Magill’s 100 Rules: West Wing

Editor’s note: This article was initially published in The Daily Gazette, Swarthmore’s online, daily newspaper founded in Fall 1996. As of Fall 2018, the DG has merged with The Phoenix. See the about page to read more about the DG.

This is part 6 in a 9 part series on Magill’s rules.

Swarthmore College has a long and deep history. Daily, we are reminded of this in small ways: by the names and dates on memorial plaques; the wear and architecture of buildings; the stature and grandeur of trees, and so much more. At The Daily Gazette, we aim to be a forum for relevant news and discourse. No less important though, is our role (and the role of all campus publications) in preserving institutional memory. In that spirit, we present to you the part 6 in the series “Magill’s 100 Rules,” courtesy of the sesquicentennial website.

West Wing
  1. Students should at all times move quietly about the house, avoiding whistling and rushing through the halls or up and down the stairs. An exercise room in the basement is provided. No promenading on the halls is permitted, and no ball playing in or near the College building.
  2. All blacking of boots and shoes must be done in the blacking rooms provided by the College.
  3. Students should at all times have their rooms neatly arranged. No locks or bolts can be put upon doors or furniture belonging to the College, and no nails can be driven into walls or woodwork except in the strips provided for the purpose. On account of danger of fire, no curtains or other hangings can be allowed in the rooms. Bicycles must be kept in the gymnasium. A charge is made for all injury to College property and for waste of gas. Property injured in a students’ room is charged to the occupant of the room.
  4. The trunk room will be open on Fourth and Seventh days from 11:30 to 12:20.
  5. Students having eatables in their rooms are requested to keep them in locked boxes provided by themselves for the purpose.
  6. Bathing may begin at 6 a.m. No bathing is permitted in study hours, nor after evening collection.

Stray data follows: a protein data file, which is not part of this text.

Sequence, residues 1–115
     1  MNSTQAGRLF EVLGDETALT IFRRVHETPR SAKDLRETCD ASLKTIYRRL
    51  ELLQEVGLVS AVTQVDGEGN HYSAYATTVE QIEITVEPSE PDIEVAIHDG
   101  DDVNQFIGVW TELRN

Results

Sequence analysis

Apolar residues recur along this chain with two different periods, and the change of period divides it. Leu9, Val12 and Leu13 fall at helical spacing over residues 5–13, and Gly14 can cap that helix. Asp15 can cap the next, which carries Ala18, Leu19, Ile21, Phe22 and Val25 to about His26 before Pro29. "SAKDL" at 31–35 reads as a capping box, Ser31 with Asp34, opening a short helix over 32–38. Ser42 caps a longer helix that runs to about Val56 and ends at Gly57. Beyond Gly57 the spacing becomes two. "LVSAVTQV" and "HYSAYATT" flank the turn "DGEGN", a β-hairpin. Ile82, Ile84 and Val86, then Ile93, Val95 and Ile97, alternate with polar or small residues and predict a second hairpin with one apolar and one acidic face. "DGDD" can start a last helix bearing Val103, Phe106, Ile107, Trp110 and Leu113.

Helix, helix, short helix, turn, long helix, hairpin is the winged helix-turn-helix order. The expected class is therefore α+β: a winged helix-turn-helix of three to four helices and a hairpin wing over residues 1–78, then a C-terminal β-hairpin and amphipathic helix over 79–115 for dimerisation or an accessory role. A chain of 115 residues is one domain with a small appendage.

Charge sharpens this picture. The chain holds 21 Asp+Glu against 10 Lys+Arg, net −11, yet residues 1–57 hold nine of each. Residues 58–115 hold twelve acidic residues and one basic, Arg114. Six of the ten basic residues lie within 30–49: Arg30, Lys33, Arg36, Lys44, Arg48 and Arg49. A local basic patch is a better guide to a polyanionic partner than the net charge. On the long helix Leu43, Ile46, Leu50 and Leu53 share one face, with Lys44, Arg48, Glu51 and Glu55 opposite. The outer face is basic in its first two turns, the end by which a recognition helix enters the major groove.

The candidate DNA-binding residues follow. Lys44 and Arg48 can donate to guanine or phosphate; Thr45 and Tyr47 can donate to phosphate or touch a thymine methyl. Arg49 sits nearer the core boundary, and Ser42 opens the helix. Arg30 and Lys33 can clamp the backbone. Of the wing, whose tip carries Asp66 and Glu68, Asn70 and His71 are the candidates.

7. No cooking or cooking utensils of any kind will be permitted in the rooms.
  8. At the close of evening collection students are required to go directly to their rooms by the iron staircase, unless permission be granted by the teacher in charge of the second alcove to go to the nursery. Students in visiting each other must obtain permission from the teacher in charge of their hall. If they visit on another hall, permission must also be obtained from the teacher in charge of it.
  9. Students of the Preparatory School must have their lights out and be in bed by 9 p.m., after which no loud conversation is permitted.
  10. Students are not permitted to go down for water after evening collection.
  11. Nothing must be thrown from the windows or placed in the gutters on the roof. Paper, etc., should be placed in the waste boxes.
  12. No calling or talking from the windows is permitted.
  13. The elevators are out of bounds. Clothes are to be ready for wash on Second day morning, and placed by the elevators. Twelve pieces are allowed. Extra washing is charged for at the rate of 75 cents per dozen.
  14. The housekeeper will not give food to the students between meals.
  15. Except brothers, members of the Preparatory School will not be permitted to room with College students.
  16. Rooms chosen at the close of the year by students who do not return will be filled by new students or others at the discretion of the person in charge of the chambers. The choice of a room confers no right to transmit it to another student.
  17. When students are more than two days late in returning after the summer vacation, and have given no notice of the cause of their lateness, their rooms may be reassigned by those in charge of the chambers.

Edward Magill

As a young man, Edward Hicks Magill joined Swarthmore's faculty when it opened in 1869 and continued to hold teaching positions while president, including professor of mental and moral philosophy.

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